Today dawned cloudy and cold. The ground is bare save for the occasional skiff of snow. Our two-year long snow drought continues, the cold interrupted by warmth and rain.
As we collectively limp towards the inauguration, I find myself strictly limiting my Facebook time. I’ve noticed that I seldom write anything remotely personal, only reposting blog posts and the infrequent photo. I also increasingly limit my reading of Facebook posts and updates, as I attempt to keep up my spirits in the face of the avalanche of alarming news. I’m also avoiding the news on radio and TV.
It’s not that I am ignoring our collective slide into the deep unknown; rather, I am attempting, only somewhat successfully, to avoid becoming either addicted to the craziness or incapacitated. I desire to be useful to myself and others, to pick my battles, and to honor my age and a lifetime of commitment to building a caring society.
This morning I awoke deeply embedded in memories of my Polio experience. Perhaps this journey back in time was triggered by Jennie’s imminent trip to India, or some internal logic that largely escapes my conscious awareness. In any event I awoke into memories of feeling abandoned to the terrors of treatment and the iron lung. My experience was not a thoughtful abstraction, nor a full-blown flashback. Rather, it was a sort of hybrid in which I was both embedded in feeling and engaged in pondering the experience.
I was left with a sense of betrayal, and a profound fear that somehow I had done something that justified my fate. I could not figure out what I had done, and wrestled with the disturbing sense that whatever flaw had landed me in the horrors of Polio treatment, was innate and, therefore, irredeemable. Oddly, those thoughts parallel the beliefs of the incoming administration, and their supporters, who believe that illness, poverty, and hardship are moral failures rather than the predictable stuff of life.
Now, fully awake, I wonder whether were we still, as a culture, subject to the vicissitudes of the Polio virus, an affliction that knows no social boundaries, we might be kinder and more generous. Such a sad thought.
19 thoughts on “The Past in the Present”
This gets right down to the heart of the Western/Eastern philosophical difference. A just God who is rewarding the righteous and punishing the wicked OR the first noble truth: Life is suffering. After 47 years living under the first assumption, I began to see the experiential evidence of the second emerge as much more compelling. And now, I see the assumptions of the first revealed as obviously damaging and divisive.
Hi Priscilla! I often think that my family gave me versions of both paths. My mom certainly believed in a wrathful god. My dad was much more Native, and seems to believe that life was a conversation with the Creator, one that included much suffering. I imagine he would not say life IS suffering, though, nor that he would try to get off the Wheel. Rather, he would be curious, as best he could, about how to carry on a conversation with the Creator, and perhaps self, maybe even over many lifetimes. He would agree with you, as do I, that the idea of a wrathful god does much more harm than good. Sadly, we are about to be governed by people who seem bent on being wrathful gods themselves.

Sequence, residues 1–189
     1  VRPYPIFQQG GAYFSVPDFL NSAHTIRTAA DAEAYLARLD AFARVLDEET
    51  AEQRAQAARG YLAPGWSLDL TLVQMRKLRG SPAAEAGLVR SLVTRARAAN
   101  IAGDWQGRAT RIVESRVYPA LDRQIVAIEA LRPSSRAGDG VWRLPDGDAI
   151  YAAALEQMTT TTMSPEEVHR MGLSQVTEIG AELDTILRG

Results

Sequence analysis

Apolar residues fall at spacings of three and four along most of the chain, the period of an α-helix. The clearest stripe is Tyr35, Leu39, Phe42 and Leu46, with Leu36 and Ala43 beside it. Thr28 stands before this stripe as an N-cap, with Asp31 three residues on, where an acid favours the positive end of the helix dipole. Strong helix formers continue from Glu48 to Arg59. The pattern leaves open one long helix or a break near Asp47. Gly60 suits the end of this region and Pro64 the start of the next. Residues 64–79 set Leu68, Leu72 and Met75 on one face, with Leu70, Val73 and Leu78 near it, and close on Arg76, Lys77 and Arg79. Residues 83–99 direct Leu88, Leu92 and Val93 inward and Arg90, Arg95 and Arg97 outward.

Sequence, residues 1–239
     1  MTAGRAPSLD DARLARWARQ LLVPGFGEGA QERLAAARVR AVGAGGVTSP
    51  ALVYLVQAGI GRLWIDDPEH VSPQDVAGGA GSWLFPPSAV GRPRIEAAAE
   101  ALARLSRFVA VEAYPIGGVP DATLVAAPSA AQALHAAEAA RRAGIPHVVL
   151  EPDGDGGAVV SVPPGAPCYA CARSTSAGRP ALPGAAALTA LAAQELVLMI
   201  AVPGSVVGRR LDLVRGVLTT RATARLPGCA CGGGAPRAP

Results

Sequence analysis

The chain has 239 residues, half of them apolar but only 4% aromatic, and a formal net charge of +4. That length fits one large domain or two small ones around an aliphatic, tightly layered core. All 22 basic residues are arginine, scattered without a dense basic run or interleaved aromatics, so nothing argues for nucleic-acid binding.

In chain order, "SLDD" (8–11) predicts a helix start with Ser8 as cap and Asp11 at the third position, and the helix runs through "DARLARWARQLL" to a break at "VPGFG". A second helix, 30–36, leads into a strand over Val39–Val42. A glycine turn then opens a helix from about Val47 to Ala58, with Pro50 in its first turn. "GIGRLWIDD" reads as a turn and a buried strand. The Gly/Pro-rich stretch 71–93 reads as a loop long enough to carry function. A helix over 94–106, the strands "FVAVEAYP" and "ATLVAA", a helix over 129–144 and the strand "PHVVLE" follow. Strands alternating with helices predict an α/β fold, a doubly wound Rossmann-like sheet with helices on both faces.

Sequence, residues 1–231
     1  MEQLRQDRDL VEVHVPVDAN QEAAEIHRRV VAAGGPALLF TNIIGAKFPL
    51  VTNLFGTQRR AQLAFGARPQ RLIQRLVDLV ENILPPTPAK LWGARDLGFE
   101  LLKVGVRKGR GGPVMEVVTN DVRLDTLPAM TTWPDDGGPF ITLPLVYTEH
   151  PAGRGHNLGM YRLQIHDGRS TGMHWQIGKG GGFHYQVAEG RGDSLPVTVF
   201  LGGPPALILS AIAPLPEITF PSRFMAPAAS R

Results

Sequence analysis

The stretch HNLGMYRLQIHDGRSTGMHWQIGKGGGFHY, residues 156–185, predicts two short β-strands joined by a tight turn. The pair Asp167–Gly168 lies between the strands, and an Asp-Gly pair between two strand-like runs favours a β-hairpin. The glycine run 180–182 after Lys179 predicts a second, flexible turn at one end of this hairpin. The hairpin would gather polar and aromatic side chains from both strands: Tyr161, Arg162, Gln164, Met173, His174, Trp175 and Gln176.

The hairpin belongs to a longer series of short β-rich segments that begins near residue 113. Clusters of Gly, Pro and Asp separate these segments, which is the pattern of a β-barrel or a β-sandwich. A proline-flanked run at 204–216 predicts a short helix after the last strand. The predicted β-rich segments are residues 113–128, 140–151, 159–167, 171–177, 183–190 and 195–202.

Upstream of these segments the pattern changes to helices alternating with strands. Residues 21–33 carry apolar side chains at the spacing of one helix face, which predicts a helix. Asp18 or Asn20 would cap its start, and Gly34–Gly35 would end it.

Michael, as I read this, I couldn’t help pondering your painful and powerless experiences as a child. I felt intuitively that you were chosen, not because of something you did wrong, but because you are a special soul who has the ability to survive tragic transformative experiences that would deepen the capacity for compassion and empathy.
I actually just deactivated Facebook, and also avoid mainstream media. I don’t want to waste time on fighting negative things I can’t change. I want to do what I can to envision and weave positive alternatives in whatever small ways I can.
Carol, I am trying to figure out how to use Facebook effectively, given I need to maintain an account for the office. Arghhh….
I imagine the Grandmothers had a plan, and my life experiences are reflective of that. So strange to be nearly 70 and still working to make sense from something that is so capricious. Perhaps my view would have been different had my childhood prior to polio been less violent. Hard to know. All that said, I am left wondering how one person ends up on a path as a healer and another turns frozen hearted and destructive. Or rather, how the proportions of one to the other end up the way they do…..
I too have avoided the media in recent weeks, trying to separate out my own feelings about what is happening in the world from the negativity that surrounds it. I have also been fighting memories from the past. I wonder if there is something bigger in this. I hope that we would be more compassionate if polio was to happen today – I think to an extent we would, but then when we look back at the climate surrounding AIDS which wasn’t so very long ago, it makes me wonder.